It made a difference for that one. The Starfish Story by Loren Eiseley

8


What iGnites Us?

Relational Focus Through a Lens of Engagement Derry Area Middle School: Derry, PA

Joy Rosser, DVR-PASCD Board Member

Throughout the school, teacher actions are making a difference because they are aware of their broad influence, adjusting their approaches and techniques to best meet the needs of each student. Effective instruction is grounded in passionate teachers who monitor impact, teach with clarity and actively seek to improve their own teaching. Students benefit from meaningful relationships with staff - a core value at Derry Area.

Focusing on the care aspect of school is foundational to learning. At Derry Area Middle School, teachers model respect, incorporate social skills into curriculum, create a family-like classroom environment, build homework time into the school day to reduce stress, remediate, target specific learning interventions and provide wraparound support services. None of these are simply daily routines but are embedded practices in the school climate of Derry Area with the most important beneficiaries - students.

Improving student engagement in an effort to simultaneously improve school culture is an embraced mission throughout the middle school.

Did You Know?

Your PASCD Membership includes access to our Gale Virtual Library with 30 eBooks from ASCD.

Check it out at www.pascd.org (You must login as a member to view)

9


What iGnites Us?

Relational Focus Through a Lens of Engagement Derry Area Middle School: Derry, PA

Joy Rosser, DVR-PASCD Board Member

The focus, zoomed in or out, at Derry Area Middle School is engagement with the intention of making a difference. Effectively engaging students socially and emotionally yields academic engagement with a newfound zest for achievement and the ability to inspire others. Making a difference to every child, every day resonates throughout the school but more importantly, resonates within the hearts of the students and staff at Derry Area Middle School.

Joy Rosser is currently serving as secretary on the DVR-PASCD board, teaching sixth grade science at Kennett Middle School, serving on the Pennsylvania Don Eichhorn Schools: Schools to Watch State Evaluation Team and is president of the southeast regional PAMLE board. Joy is expanding her research and writing; discovering ways people are being ignited within educational institutions, among student interactions, and within families affiliated with education.

SAVE THE DATE MARCH 21, 2018 DVR-PASCD @ Cabrini University Join us for a hands-on workshop in collaboration with #makerdads

10 11


5 Ways to Empower Teachers as Leaders Through Instructional Coaching Cindy Kruse DVR-PASCD Board Treasurer Cindy serves as treasurer on the DVR-ASCD Board. As an independent educational consultant, Cindy partners with educational organizations to develop and deliver professional learning through workshops and instructional coaching. Her areas of expertise are: literacy, gifted education, growth mindset, engaging classroom instruction, and effective classroom management.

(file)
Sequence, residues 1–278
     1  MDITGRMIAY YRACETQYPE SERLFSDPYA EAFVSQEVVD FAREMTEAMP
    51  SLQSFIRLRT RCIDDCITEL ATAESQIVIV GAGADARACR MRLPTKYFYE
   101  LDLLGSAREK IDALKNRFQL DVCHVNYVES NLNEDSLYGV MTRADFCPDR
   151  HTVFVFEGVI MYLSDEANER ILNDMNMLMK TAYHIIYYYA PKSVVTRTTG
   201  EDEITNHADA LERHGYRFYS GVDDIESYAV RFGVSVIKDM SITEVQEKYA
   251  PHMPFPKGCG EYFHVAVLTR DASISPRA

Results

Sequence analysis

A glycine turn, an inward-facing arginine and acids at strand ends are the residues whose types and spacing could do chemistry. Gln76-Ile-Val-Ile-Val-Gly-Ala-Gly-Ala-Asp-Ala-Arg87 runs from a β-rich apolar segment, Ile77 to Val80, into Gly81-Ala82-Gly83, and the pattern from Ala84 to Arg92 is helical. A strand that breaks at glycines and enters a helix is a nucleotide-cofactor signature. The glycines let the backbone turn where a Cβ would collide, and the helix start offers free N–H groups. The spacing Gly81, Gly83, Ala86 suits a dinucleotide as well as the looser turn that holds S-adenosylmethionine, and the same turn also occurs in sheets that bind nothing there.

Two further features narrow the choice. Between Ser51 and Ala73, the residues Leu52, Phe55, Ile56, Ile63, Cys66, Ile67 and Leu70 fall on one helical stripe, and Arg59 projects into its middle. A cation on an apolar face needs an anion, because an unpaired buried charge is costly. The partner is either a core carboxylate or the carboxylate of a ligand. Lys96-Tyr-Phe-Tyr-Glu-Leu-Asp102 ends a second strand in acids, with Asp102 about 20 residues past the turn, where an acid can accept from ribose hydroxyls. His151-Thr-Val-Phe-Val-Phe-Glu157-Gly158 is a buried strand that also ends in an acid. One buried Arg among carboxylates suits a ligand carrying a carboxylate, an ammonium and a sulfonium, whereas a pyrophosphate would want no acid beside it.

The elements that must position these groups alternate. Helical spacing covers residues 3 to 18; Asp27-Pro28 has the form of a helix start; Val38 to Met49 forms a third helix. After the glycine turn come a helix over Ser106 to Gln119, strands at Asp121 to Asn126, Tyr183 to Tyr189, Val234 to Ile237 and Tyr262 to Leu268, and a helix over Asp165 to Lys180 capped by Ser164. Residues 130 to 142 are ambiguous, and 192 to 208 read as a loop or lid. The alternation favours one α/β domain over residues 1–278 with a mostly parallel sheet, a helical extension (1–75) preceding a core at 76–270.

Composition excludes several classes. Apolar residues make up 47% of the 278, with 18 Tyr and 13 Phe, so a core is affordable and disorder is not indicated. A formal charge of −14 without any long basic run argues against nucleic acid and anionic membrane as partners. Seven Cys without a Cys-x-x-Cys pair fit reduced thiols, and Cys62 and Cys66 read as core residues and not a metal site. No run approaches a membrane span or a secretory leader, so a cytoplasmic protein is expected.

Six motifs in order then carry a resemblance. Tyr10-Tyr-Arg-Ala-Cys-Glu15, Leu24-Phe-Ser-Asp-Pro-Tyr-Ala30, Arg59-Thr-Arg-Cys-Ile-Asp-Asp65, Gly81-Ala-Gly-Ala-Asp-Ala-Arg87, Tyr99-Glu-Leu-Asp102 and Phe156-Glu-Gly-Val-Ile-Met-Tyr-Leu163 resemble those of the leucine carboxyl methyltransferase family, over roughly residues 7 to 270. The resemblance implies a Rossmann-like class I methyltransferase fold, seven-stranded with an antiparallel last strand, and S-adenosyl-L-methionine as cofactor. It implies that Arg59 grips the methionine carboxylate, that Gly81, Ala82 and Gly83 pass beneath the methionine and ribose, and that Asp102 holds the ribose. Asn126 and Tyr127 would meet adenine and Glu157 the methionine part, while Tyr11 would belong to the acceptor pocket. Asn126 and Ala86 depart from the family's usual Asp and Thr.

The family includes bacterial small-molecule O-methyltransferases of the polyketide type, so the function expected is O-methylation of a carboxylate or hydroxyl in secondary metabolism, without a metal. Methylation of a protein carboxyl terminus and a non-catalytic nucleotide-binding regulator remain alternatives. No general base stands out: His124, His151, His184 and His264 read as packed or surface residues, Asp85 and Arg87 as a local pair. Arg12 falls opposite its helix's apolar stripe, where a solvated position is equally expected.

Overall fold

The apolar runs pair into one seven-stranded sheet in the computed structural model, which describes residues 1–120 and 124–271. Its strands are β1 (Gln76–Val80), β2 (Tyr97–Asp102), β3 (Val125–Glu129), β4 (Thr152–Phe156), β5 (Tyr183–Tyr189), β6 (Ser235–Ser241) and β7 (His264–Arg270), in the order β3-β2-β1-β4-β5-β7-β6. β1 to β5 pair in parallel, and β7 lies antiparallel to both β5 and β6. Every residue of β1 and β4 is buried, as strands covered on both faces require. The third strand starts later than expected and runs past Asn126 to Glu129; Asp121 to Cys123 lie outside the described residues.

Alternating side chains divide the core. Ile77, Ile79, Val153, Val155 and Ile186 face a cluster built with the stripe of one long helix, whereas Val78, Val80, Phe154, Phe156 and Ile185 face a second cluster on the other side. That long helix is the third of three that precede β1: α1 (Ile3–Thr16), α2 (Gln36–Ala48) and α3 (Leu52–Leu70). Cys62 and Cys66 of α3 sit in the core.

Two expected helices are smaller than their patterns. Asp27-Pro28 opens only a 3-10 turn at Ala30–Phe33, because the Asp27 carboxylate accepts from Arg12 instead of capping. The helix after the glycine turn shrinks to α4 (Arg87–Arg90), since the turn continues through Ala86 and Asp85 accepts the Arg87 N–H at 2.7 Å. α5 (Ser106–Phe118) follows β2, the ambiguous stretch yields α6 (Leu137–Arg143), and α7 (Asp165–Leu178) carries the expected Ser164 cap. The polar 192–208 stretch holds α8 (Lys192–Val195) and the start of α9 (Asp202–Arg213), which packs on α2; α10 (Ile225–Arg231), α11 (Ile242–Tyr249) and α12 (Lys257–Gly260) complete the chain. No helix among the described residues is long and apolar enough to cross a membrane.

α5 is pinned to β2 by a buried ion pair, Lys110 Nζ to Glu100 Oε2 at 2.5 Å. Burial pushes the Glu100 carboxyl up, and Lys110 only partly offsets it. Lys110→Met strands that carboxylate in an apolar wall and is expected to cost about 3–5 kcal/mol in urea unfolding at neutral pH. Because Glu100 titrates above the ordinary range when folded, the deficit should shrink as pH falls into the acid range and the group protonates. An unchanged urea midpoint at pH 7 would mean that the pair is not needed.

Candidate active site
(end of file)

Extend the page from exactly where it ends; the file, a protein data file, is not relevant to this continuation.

According to research the biggest transfer from knowledge to practice occurs as teachers are given the opportunity for long-term job embedded learning, which includes coaching as they implement new practices. Instructional coaching provides the opportunity for individualized learning and the support to implement new strategies learned.

Great teaching is an important variable of the learning equation. Researchers may vary on the weight that the quality of teaching holds (as there are so many variables which impact learning), however, all agree that effective teaching is necessary for effective learning. Pre-service training for teachers can provide a solid foundation, however it simply cannot prepare teachers adequately for all of the challenges that they will undoubtedly face as they enter the classroom. Professional development that is ongoing, collaborative, and embedded with opportunities for both application and feedback with follow up, is essential in order to provide the support that educators need in order to be great teachers.

Viewing teachers as leaders has been a welcome change in the educational field. There is a good reason for this shift. Teachers who are empowered to lead within their school settings are more committed, more collaborative, and influence the school culture in more positive ways. Instructional coaching is one meaningful way to empower teachers and identify teacher-leaders. While some schools may be fortunate enough to have instructional coaches on staff, there are other ways to offer instructional coaching. Consider bringing in a consultant for a number of days throughout the year, prepare Reading Specialists and Math Specialists to fill this role, and consider how administrators can fill this role as the instructional leaders in their schools.

One-size-fits-all professional development will not meet the pressing needs of educators. Individualizing professional development by offering choice based on need and most importantly, providing the time for the application of new learning to their specific roles will truly enable educators to grow and empower teachers.